Saturday, May 26, 2007


Cheeni Kum

If the tagline says “A sugar free romance” we take their word for it. But that doesn’t mean R. Balki has not loaded the film with spoonfuls of artificial sweetener.

Cheeni Kum is the kind of film in which a pint-sized, kid suffering from cancer is called “Sexy”. And she (Swini Khara, pretty and natural) is so precocious, every time she opens her mouth, your teeth get a cavity. Add to that a cute old lady and you are this close to diabetes.

All the characters drop clever wisecracks all the time and seem incapable of having a normal conversation. After a while when the charm of the May-December romance wears off, the one-liners turn into platitudes and the film collapses like a soufflé made by an apprentice cook.

Buddhadev Gupta (Amitabh Bachchan) is the acerbic owner and chef of “London’s best Indian restaurant.” At 64, he is not just single, but also abstemious (the condom-buying scene suggests that), and lives with his mother (Zohra Sehgal), with whom he squabbles as much as with his staff. His confidante is the little girl next door who demands porn videos and offers sage advice.

Then Neena Verma (Tabu) walks into the restaurant and criticizes a dish. When Buddha insults her, she makes the dish as it should be made and sends it to him. Bingo—a romance happens! No preamble, no hesitancy, no doubts. Neena looks the ‘behenji’ type from Delhi and single at 34. Later Buddha accuses her of accepting his proposal because she was afraid of being left on the shelf, but Neena seems the flirtatious and provocative type. She makes Buddha run to test if he has ‘stamina.’ In response he tries to drag her into a hotel. But there is a coyness about dealing with the aftermath of a sexual encounter, so Balki leaves it at that.

A marriage proposal means going over to Delhi and meeting the father (Paresh Rawal), who is six years younger than Buddha and talks to him like one of his own generation. Naturally he is appalled that is daughter wants to marry an old man and tries to prevent it. Things get completely out of hand and increasingly corny.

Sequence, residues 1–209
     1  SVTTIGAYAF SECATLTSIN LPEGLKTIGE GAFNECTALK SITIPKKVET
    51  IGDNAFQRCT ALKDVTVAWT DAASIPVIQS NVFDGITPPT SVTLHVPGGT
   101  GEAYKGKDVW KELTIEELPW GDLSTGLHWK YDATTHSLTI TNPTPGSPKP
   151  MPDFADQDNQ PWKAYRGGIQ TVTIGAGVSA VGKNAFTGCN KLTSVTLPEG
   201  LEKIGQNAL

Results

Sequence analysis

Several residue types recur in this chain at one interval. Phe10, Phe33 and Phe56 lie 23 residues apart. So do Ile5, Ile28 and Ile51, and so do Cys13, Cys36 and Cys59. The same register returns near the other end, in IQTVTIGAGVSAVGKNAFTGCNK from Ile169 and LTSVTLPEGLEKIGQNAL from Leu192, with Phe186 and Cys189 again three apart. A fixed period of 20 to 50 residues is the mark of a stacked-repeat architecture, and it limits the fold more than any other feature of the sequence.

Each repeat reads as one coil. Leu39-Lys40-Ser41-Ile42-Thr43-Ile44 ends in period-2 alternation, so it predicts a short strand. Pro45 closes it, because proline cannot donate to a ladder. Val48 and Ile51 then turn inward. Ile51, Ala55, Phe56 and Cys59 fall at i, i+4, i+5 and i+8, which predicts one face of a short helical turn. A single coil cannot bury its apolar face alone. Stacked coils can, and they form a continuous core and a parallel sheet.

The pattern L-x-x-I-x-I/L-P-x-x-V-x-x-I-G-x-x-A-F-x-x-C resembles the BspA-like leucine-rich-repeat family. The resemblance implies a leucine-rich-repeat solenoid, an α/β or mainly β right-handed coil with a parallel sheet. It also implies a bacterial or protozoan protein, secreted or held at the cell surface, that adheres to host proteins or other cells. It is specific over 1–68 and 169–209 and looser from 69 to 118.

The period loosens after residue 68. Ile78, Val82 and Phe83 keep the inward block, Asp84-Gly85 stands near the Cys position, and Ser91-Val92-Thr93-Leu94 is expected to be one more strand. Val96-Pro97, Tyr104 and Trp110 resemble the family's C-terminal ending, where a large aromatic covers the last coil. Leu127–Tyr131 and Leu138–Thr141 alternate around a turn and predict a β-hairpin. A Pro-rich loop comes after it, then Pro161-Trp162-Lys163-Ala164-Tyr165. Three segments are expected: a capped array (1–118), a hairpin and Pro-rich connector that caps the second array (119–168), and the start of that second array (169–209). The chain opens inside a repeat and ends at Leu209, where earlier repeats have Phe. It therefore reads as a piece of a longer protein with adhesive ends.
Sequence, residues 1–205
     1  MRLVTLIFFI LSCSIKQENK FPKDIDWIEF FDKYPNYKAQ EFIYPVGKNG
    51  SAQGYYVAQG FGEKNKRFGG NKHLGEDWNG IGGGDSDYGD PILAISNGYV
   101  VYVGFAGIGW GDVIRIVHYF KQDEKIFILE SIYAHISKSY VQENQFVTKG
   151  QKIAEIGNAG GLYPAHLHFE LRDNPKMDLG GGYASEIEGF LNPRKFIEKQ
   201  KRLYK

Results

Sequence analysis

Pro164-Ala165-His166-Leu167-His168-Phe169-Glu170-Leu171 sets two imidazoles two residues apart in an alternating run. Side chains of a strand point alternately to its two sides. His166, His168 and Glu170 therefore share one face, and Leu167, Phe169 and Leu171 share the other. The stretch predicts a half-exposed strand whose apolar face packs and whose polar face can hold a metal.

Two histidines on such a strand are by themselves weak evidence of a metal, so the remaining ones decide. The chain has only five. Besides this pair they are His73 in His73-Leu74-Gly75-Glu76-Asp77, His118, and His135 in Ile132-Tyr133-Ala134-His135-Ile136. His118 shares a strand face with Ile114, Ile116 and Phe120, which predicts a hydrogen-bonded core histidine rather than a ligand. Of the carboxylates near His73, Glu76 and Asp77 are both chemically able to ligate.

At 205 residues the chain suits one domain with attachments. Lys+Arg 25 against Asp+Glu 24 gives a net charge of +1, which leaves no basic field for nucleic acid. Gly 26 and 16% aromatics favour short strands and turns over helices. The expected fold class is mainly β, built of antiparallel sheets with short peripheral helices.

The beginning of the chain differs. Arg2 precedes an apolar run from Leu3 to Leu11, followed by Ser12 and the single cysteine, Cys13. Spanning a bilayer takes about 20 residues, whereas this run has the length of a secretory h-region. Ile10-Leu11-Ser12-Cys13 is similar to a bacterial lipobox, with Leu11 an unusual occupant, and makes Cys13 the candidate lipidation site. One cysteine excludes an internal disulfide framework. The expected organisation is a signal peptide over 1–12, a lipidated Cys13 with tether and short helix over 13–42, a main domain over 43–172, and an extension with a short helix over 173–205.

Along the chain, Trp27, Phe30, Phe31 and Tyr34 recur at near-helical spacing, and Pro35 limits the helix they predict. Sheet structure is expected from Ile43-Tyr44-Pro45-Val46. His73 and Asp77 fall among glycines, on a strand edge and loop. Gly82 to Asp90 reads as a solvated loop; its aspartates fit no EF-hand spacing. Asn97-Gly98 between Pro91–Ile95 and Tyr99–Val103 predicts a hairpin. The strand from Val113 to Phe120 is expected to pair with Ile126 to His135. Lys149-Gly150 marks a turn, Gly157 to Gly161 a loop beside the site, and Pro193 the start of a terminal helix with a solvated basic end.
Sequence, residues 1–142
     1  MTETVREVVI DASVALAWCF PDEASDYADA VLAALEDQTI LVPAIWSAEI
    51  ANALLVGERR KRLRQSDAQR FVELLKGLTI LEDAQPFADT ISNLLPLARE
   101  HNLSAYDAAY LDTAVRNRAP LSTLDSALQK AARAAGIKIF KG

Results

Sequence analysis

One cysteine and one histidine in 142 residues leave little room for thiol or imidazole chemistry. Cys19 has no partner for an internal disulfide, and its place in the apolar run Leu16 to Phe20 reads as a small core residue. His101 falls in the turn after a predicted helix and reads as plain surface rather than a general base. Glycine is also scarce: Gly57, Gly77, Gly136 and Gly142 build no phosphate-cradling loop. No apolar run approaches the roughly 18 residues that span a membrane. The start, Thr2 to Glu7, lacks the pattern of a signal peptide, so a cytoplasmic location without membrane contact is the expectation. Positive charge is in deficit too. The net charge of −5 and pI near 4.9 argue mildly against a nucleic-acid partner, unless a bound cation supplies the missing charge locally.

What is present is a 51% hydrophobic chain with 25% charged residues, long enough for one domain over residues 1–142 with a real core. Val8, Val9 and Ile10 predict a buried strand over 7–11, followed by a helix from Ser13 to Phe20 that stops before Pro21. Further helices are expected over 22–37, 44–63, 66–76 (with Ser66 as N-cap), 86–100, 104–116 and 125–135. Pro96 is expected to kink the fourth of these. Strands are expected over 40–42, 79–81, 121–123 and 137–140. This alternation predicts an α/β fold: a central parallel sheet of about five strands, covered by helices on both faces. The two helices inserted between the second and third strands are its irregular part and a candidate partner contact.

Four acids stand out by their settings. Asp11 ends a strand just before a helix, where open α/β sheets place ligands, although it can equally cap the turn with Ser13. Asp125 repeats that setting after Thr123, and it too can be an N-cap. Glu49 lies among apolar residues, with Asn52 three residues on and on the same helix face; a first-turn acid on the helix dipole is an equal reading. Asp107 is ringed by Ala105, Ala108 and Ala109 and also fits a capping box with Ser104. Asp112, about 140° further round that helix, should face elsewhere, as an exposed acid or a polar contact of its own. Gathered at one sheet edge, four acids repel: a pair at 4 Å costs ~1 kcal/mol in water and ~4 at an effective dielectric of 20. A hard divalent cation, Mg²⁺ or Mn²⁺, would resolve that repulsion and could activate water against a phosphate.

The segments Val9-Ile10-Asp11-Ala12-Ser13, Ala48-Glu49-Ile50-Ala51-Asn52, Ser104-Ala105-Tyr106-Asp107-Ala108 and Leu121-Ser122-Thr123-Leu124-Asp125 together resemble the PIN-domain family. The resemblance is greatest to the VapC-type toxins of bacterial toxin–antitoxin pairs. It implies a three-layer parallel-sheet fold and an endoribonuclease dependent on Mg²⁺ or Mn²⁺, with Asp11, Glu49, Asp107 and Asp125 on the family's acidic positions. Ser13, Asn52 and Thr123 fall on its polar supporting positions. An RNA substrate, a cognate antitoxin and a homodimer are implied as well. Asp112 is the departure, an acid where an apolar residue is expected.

If Balki did not cast Amitabh Bachchan in the role, the film would not have worked at all. Because he does the part (never mind the ridiculous ratty ponytail) with a dignity and charm that is intrinsic to his personality, it doesn’t seem implausible or offensive that a much younger woman would fall for him. However, the characters of both the stars are underdeveloped, and only the skills of the actors (Tabu lets Bachchan lead) make them slightly believable. Paresh Rawal comes as a relief (despite the Gujarati accent), because he cuts down the cute quotient of the film considerably and keeps the floundering second half afloat.

Cheeni Kum is by no means a gourmet dish, just okay as fast food.

Shootout At Lokhandwala

Apoorva Lakhia’s Shootout at Lokhandwala is supposed to be based on “true rumours”, which means it is based on a true incident of cops attacking a gangster hideout and killing them in an ‘encounter’. The film also plays safe by adding the standard ‘no resemblance to any person or incident’ disclaimer.

Problem is that this cop-and-gangster face-off has been dealt with in so many fictitious films (mainly by Ramgopal Varma and his Factory) that there is no thrill or novelty in the true story. It’s just seeing more scenes of gangsters running down narrow lanes and being shot, or threatening builders, or killing informers and dancing with bar girls.

It’s not even as is Lakhia was making a point about encounter killings or human rights. His own sympathies swing from the cops doing a thankless task and getting divorce notices from wives, to the gangsters, with scenes of their parents pleading with cops not to kill their sons.

Even if Lakhia had been inclined to cover the background of the swaggering gangster Maya Dolas (Vivek Oberoi—best of the lot), that has been done too in films like Satya and Company. Oberoi could be reprising his own role from Company, as a ruthless mobster climbing the underworld hierarchy.

Sanjay Dutt plays the heroic Shamsher Khan (based on AA Khan who makes an appearance in the film), who trains the Anti-Terrorist Squad into a crack team. Seen this character in many films too (like Ab Tak Chappan).

Irritatingly, this film, instead of keeping the tension between cops and criminals simmering, makes place for many ‘item’ numbers and has Maya and his men look like they were having a blast. Suddenly there is an about turn in the end, when a shocked TV reporter (Dia Mirza) questions the cops’ brutal methods. Then another about turn, as the cops’ lawyer (Amitabh Bachchan) gets them off the hook in court, seemingly with one question to the judge, “Would you rather have a cop with a gun outside your door or a gangster?” Couldn’t Lakhia have done better than that!


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